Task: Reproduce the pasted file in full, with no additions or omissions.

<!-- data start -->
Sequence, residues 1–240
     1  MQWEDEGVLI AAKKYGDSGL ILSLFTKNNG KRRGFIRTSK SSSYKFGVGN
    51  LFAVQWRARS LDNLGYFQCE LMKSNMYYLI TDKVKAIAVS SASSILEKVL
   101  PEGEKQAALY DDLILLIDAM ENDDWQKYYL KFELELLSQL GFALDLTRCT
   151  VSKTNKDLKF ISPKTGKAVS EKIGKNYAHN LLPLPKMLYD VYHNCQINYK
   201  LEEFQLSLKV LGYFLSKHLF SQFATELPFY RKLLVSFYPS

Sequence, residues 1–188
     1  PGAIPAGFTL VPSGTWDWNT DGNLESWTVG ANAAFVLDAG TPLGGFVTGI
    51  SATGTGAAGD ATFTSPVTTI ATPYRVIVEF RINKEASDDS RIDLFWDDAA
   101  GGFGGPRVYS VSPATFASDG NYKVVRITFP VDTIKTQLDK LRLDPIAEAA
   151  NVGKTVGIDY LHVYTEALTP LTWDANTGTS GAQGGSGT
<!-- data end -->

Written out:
Sequence, residues 1–240
     1  MQWEDEGVLI AAKKYGDSGL ILSLFTKNNG KRRGFIRTSK SSSYKFGVGN
    51  LFAVQWRARS LDNLGYFQCE LMKSNMYYLI TDKVKAIAVS SASSILEKVL
   101  PEGEKQAALY DDLILLIDAM ENDDWQKYYL KFELELLSQL GFALDLTRCT
   151  VSKTNKDLKF ISPKTGKAVS EKIGKNYAHN LLPLPKMLYD VYHNCQINYK
   201  LEEFQLSLKV LGYFLSKHLF SQFATELPFY RKLLVSFYPS

Sequence, residues 1–188
     1  PGAIPAGFTL VPSGTWDWNT DGNLESWTVG ANAAFVLDAG TPLGGFVTGI
    51  SATGTGAAGD ATFTSPVTTI ATPYRVIVEF RINKEASDDS RIDLFWDDAA
   101  GGFGGPRVYS VSPATFASDG NYKVVRITFP VDTIKTQLDK LRLDPIAEAA
   151  NVGKTVGIDY LHVYTEALTP LTWDANTGTS GAQGGSGT